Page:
FOOTHILL YELLOW-LEGGED FROG } Rana boylii
DESCRIPTION: Foothill yellow-legged frogs are small ranid frogs approximately 1.5 to 3 inches long, with females growing to larger sizes than males. Adult frogs can be grey, brown or reddish on their backs, with a distinctive lemon-yellow covering the undersides of their legs.
HABITAT: This frog lives in partially shaded, perennial streams and rivers with rocky substrate at low to moderate elevations, with a range of vegetation types; it is often found in or near riffles and on open, sunny stream banks.
RANGE: The frog ranges from Oregon's Willamette River system south to the Upper San Gabriel River in Los Angeles County, California; it also occupies the western slopes of the Sierra Nevada.
MIGRATION: The species is not migratory, but adults may move modest distances along stream corridors.
BREEDING: Adult frogs congregate on sandy or rocky bars in the spring to mate. Eggs are deposited in shallow, slow-moving water with a cobble or pebble substrate, with egg masses anchored to gravel or vegetation.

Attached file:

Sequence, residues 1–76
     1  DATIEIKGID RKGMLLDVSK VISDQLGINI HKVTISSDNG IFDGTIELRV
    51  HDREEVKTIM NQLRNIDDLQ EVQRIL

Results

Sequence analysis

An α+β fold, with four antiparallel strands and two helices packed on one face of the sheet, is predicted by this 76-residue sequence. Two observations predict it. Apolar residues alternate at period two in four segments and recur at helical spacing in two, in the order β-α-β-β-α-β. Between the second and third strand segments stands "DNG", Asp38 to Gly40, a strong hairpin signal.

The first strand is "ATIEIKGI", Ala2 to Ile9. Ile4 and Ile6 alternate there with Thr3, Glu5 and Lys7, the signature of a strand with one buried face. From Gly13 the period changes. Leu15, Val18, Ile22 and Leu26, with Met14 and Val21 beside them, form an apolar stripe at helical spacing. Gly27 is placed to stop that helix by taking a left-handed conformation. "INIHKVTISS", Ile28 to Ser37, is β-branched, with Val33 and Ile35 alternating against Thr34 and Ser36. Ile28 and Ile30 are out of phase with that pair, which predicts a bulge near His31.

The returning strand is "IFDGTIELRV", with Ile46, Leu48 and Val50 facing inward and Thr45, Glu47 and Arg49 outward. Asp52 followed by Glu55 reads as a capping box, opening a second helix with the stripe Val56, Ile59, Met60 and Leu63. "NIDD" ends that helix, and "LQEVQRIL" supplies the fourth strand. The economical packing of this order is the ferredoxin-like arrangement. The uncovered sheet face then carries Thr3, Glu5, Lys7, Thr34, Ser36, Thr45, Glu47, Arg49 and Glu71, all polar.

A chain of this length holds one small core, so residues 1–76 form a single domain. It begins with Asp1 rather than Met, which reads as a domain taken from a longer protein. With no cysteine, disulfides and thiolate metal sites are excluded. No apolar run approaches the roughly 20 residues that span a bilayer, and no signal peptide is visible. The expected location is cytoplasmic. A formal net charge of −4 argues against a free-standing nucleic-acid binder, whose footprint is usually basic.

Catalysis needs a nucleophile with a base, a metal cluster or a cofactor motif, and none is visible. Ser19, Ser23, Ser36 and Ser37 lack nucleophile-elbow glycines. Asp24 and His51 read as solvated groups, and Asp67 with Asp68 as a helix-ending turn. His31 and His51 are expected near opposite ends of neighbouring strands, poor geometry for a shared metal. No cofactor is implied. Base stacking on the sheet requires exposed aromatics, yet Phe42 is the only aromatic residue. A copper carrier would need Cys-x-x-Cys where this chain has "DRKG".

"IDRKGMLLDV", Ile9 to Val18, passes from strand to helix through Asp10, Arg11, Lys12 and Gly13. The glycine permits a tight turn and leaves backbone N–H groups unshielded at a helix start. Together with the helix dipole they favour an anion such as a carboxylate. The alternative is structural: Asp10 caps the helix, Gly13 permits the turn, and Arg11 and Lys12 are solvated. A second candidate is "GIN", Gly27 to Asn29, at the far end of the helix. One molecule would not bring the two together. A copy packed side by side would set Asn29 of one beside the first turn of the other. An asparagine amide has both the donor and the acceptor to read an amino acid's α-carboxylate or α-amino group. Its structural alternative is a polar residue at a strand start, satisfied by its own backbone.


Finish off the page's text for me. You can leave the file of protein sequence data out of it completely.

LIFE CYCLE: Tadpoles hatch within five to 30 days, then burrow down into the gravel of streams. Tadpoles metamorphose three to four months after hatching. Foothill yellow-legged frogs usually reach sexual maturity after one or two years.
FEEDING: Tadpoles feed on algae. Adults eat terrestrial and aquatic invertebrates, such as flies, moths, mosquitoes, hornets, ants, beetles, grasshoppers, water striders and snails.
THREATS: This species is threatened by dams, water development, water diversions, timber harvest, mining, livestock grazing, roads and urbanization, marijuana cultivation, off-road vehicles, climate change, pollution, invasive species, and disease.
POPULATION TREND: This frog's population has declined more than 50 percent rangewide; it is extirpated from Santa Barbara County south to San Diego County.